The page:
Essay about The Streets Before Susumu Ishida Lay Desolate

Essay about The Streets Before Susumu Ishida Lay Desolate

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The streets before Susumu Ishida lay desolate. Tokyo was a mere ghost of a once great city. All but ruins were now left. Even the pavement lay like broken jigsaw pieces, under used and under nourished. It wasn’t a surprise really. In Susumu’s forty odd years he had only seen the rare work commuter trudging through the streets either first thing in the morning or last thing at night.

The only area of the city that wasn’t subject to this type of rot and decay was Akihabara, Electric city. Most of the youths spent their lives hooked into the latest inventions of cyber reality or strapped into seats, binoculars in hand resembling those of another era watching in awe as performers or dancer pour their hearts out on stage. These days, they were simply marvelling at metal crushing metal like that of a junk yard disposal unit, humanoid objects delivered blow after blow, spilling black, tar-like blood over those in the front row of the crowd. People paid extra if this was garneted. Susumu had heard people pay hundreds of millions of yen, if the show were rumoured to be worth it.

Tonight he had dragged himself to the show, though he wasn’t the type to enjoy such an affair he simply grew curious and lonely. It had been over a month since any of the others in his building had stirred from their dwelling. Most people didn’t nowadays. They could work from home with a few simple clicks from their computers, could buy food, converse with relatives, watch sunsets on foreign lands, all without leaving the comforts of their home. This was one of the only places he could find any form of human contact. Though the term human was used loosely, could one be considered human with a lack of humanity? Complex question demanded complex answers, yet he ...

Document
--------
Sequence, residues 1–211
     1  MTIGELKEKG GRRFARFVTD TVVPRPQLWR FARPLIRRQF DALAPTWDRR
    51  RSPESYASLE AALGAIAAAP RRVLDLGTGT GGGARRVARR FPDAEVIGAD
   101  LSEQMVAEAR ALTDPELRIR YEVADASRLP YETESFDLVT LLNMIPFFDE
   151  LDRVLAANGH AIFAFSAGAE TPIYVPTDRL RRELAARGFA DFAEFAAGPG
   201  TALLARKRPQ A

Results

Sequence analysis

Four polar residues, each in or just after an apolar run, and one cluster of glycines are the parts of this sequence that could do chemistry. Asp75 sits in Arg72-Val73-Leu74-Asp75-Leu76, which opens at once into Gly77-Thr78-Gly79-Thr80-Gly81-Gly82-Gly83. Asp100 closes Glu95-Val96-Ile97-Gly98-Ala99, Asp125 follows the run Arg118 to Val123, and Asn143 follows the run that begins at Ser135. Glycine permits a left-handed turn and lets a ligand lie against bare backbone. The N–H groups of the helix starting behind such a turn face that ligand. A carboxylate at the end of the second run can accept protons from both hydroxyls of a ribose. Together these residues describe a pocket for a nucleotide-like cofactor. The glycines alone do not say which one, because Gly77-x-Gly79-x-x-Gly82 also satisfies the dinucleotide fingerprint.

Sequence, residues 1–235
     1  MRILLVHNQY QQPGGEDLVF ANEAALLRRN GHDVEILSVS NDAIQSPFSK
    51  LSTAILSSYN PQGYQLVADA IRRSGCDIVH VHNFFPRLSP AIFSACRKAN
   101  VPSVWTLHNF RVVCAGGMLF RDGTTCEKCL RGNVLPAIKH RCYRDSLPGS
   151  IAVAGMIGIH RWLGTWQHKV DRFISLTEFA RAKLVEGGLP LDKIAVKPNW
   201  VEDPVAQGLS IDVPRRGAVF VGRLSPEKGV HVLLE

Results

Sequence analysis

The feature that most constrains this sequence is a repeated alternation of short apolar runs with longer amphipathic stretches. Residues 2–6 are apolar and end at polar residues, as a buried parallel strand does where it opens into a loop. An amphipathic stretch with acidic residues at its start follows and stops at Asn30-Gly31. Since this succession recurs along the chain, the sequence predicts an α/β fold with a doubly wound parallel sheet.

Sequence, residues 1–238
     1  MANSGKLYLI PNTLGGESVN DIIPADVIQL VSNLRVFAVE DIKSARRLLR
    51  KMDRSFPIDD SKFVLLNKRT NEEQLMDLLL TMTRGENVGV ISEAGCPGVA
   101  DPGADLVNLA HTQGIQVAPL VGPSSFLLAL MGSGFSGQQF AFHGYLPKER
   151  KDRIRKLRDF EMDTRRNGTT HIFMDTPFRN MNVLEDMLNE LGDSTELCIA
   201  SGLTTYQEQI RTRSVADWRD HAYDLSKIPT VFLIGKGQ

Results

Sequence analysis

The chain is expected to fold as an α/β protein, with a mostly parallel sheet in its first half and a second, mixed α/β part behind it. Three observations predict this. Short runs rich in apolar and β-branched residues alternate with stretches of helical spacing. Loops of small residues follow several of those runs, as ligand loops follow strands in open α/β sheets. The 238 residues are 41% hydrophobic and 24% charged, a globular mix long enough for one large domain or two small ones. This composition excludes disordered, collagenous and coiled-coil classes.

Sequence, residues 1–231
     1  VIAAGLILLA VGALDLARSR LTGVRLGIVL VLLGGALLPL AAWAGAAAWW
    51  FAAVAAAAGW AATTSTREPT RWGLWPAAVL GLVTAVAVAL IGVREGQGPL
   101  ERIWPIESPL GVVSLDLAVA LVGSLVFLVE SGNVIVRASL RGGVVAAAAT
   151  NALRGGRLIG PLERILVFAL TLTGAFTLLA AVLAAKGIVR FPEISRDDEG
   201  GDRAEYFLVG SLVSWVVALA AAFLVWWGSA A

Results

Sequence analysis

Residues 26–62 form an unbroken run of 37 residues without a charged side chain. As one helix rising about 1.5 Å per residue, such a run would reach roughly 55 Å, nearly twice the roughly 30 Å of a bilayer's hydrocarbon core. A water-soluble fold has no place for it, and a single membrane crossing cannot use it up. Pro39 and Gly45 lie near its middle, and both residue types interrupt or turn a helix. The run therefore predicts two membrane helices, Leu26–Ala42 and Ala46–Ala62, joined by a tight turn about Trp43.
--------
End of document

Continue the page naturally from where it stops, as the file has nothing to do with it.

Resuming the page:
... middle of paper ...

...ed to be a word, which stood out to Susumu. They cheer for the death of a boy as they would for that of the breaking of an oversized electronic toy as if the two were somehow equal. Maybe they were, who was he to say? All he knew was that the young lad sitting outside the stadium, with a novel tucked under his arm and an intent gaze was now nothing but a lifeless beaten pulp, nothing more or less than an automaton.

Susumu opened the novel the broken boy had given him moment before and found several words seeming to stand out amongst all the others.

‘Only the dead stay seventeen forever.’

Susumu Ishida didn’t wish to think about such lines or even hold the novel of a dead boy. He didn’t wish to even remember his existence, maybe he did- maybe he didn’t. He threw the novel to the curb and stepped out into the street
The streets before Susumu Ishida lay desolate

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